To keep your relationships alive, you must take the time to stay in touch. This requires conscious effort and is not always convenient or easy. Essentially, it means either being a good communicator or learning to become one. In other words, we have to take the initiative to find out what’s going on in other people’s lives and be willing to let them in on what’s happening in our world as well. The mere fact that our lives are so overscheduled and fast paced calls for creativity in our quest to stay in touch.

Dan Vishny is someone who knows how to step outside the box when it comes to staying in touch. Vish, as he prefers to be called, is an accountant by training who also has a penchant for vegan cooking and travel. One day Vish, while living in Chicago, was experimenting with a new vegan recipe when he got a call from a friend he used to cook with back in Eugene, Oregon. Although it was great to catch up, Vish was saddened by the fact that many of his closest friends were spread out across the country and that he hardly ever talked to them anymore. In addition, due to his busy work schedule and the pressures of raising a family, it was always either the wrong time to go visit or just too expensive.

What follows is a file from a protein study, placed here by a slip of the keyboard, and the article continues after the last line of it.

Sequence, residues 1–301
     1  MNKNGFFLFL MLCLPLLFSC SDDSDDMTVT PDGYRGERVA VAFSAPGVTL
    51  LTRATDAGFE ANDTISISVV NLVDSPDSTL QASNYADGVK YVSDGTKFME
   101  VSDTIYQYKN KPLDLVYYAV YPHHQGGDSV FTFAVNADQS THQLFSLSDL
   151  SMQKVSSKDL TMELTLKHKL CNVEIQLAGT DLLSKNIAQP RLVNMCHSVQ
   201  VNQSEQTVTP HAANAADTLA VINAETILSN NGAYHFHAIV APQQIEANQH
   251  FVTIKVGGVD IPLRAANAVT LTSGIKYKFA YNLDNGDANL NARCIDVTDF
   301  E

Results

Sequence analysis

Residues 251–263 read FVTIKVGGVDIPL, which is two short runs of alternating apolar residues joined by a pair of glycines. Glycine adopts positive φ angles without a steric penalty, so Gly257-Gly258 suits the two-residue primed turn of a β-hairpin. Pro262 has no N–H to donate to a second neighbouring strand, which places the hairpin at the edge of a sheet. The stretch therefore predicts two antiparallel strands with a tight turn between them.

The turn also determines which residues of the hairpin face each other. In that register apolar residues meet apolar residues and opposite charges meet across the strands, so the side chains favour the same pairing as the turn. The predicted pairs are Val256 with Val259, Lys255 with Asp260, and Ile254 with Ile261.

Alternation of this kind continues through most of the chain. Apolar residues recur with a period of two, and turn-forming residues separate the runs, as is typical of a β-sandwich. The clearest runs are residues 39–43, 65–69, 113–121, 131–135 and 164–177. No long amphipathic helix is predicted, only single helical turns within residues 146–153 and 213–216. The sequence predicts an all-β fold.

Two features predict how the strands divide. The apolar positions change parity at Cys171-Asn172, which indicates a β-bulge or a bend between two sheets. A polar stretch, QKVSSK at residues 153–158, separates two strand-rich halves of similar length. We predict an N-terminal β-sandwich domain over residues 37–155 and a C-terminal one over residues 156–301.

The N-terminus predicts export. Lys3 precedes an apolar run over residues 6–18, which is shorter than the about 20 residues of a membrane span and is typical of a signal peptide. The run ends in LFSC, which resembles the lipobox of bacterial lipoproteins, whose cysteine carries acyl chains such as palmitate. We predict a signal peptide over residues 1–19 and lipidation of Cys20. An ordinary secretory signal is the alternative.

10 Make Every Day Count

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OUR DAYS ARE numbered. No matter how hard we try to prolong our time on earth, the reality is that we are mere mortals and will not live forever. Although we may fantasize about what it would be like to relive the past, ultimately we must figure out how to make the most of our time while we are here in the living present. Each moment we waste is a potential source of regret and literally time lost.

The question we have to ask ourselves is, “Are we passengers on a journey through time or are we explorers on a mission of discovery?” In the latter case, each day is an opportunity to embrace life as active participants rather than as casual observers. Instead of being aloof and detached, we must get engaged and make every day count. Likewise, as opposed to remaining ambivalent, we need to be deliberate about how we spend our time. Sitting on the sidelines and watching life from afar will only result in apathy and regret.

Several summers ago my grandmother, whom we called Gigi, passed away after a long and happy life of ninety-one years. No one knew how to make every day count like Gigi. Until the very end, she was a world traveler, a political activist, and a philanthropist. She had a true zest for life and loved to laugh. She was also the first to help extended family members in need. She was playful, funny, beautiful, thoughtful, caring, and kind. She came to every family event near or far and was the undisputed life of the party. At 6:00 a.m. each day she was singing and already on the go, prepared to leave her mark on the world. No day was finished until Gigi had fully lived it.

 

11 Freeze the Moment